As Canada experiences its worst wildfire season on record and unusually hot weather is predicted for the duration of the summer, the health impacts of a warmer planet are top of mind. On Tuesday, the federal government released its final climate adaptation strategy to address those concerns in tandem with provinces, territories and national Indigenous organizations, all of which are on board with the plan.

The strategy is an “agreed-upon framework to reduce the risk of climate-related disasters, improve health outcomes, protect nature and biodiversity, build and maintain resilient infrastructure, and support a strong economy and workers,” says Environment and Climate Change Canada. In it, goals and targets will help governments “ensure future investments are targeted and effective.”

The strategy includes $1.6 billion over five years to put the measures in place, said Environment and Climate Change Minister Steven Guilbeault. More details on regional implementation are expected in the coming months following talks between the federal government and the provinces and territories.

Guilbeault said one of the most notable updates in the final version of the plan is specific, “measurable targets that we want to be able to achieve collectively over the coming years.” However, much of the draft plan remains the same.

At the release of the plan in Vancouver, Guilbeault noted deaths from heat are a top issue addressed in the strategy. In the 2021 heat dome, around 600 people died in British Columbia due to extreme heat, prompting a wave of calls for better government support to make homes more resilient to hot temperatures. As noted in the plan, 70 per cent of people who died were over 70 years old and 61 per cent lived in low-income neighbourhoods.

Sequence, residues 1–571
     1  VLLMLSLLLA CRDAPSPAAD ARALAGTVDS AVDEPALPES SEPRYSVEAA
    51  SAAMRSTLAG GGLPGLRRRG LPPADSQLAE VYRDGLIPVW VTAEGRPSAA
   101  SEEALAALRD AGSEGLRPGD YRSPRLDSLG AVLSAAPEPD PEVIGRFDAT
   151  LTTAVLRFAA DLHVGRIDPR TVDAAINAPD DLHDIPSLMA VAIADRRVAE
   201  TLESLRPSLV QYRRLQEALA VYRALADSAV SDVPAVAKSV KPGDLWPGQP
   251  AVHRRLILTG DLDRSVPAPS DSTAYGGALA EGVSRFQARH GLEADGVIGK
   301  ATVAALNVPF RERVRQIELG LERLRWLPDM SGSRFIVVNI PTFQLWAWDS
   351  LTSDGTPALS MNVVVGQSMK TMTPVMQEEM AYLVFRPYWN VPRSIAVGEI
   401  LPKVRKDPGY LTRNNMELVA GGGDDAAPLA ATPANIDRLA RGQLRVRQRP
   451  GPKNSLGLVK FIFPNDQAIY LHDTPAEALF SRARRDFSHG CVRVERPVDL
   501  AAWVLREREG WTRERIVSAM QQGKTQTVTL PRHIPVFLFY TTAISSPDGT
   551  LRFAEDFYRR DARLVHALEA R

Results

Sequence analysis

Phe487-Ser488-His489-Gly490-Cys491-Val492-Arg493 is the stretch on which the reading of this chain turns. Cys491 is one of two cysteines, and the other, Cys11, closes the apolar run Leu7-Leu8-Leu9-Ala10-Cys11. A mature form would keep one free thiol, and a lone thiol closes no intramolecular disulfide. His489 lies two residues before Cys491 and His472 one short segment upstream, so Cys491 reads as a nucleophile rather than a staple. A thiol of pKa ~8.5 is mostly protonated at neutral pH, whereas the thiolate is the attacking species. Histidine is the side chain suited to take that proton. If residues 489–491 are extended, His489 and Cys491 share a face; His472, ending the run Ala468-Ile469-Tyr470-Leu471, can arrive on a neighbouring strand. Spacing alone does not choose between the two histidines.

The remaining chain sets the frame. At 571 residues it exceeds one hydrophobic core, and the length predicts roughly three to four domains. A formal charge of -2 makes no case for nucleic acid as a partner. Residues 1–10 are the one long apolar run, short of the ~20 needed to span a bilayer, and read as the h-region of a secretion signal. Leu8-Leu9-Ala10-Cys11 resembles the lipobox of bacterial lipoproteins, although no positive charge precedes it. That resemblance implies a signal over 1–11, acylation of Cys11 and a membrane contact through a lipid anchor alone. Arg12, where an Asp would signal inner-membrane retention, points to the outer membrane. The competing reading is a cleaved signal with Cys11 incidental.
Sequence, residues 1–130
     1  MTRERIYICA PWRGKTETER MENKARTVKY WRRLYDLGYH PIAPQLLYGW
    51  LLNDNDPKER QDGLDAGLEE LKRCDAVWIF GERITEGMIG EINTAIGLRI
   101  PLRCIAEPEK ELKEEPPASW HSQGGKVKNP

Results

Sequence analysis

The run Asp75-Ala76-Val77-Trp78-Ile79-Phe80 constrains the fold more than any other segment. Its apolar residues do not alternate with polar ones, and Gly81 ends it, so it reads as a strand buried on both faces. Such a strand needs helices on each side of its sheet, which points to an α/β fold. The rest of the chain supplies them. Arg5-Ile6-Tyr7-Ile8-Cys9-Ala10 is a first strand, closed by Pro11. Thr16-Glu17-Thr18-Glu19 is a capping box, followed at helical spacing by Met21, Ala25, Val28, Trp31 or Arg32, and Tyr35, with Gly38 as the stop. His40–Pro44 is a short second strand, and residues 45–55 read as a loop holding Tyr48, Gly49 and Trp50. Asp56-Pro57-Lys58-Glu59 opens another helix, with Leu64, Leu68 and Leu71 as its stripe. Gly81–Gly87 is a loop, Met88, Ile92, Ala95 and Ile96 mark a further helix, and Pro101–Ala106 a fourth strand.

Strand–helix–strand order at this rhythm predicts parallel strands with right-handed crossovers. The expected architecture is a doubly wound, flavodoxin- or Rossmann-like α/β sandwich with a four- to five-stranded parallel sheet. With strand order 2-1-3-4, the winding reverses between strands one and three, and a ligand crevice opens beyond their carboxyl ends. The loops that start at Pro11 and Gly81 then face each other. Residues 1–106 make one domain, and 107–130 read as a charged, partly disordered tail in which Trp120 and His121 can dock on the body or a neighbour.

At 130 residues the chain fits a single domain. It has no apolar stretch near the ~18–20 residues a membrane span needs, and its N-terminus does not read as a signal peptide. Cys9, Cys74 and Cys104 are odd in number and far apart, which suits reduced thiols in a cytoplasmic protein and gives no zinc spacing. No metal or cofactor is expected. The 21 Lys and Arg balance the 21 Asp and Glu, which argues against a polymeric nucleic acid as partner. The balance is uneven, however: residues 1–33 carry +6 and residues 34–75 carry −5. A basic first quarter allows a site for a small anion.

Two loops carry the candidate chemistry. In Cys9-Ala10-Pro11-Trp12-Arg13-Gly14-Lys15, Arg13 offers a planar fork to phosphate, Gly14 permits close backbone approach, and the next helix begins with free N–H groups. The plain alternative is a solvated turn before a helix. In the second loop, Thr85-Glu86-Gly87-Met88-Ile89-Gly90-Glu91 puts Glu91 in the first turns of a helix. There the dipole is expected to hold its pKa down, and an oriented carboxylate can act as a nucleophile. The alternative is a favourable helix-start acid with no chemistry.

One of the plan’s targets is to eliminate deaths due to extreme heat by 2040, and says access to “reliable cooling systems will help people withstand the worst effects of these events in their own homes.” It also says 80 per cent of health regions should have a plan to protect people from extreme heat events by 2026.

However, with a hot summer looming, Guilbeault said more immediate actions to keep people safe from the heat will need to include public messaging, which is why the federal government is working with the provincial and territorial governments, as well as municipalities.

“I think the easiest things are community-based measures, like what the City of Vancouver and other cities are doing. First, making sure that we know who the vulnerable people are and how to reach them, those are some of the lessons we've learned from past heat waves,” he said in a followup conversation with Canada’s National Observer.

“So, you need to work with health departments to ensure that we know who vulnerable people are. How are we able to reach them? You know, going to knock on doors of seniors who are alone, who may not know that this is happening, who don't watch the news. So there's community-based measures, I think, in the short term that will help us significantly reduce the rise of heat-related deaths.”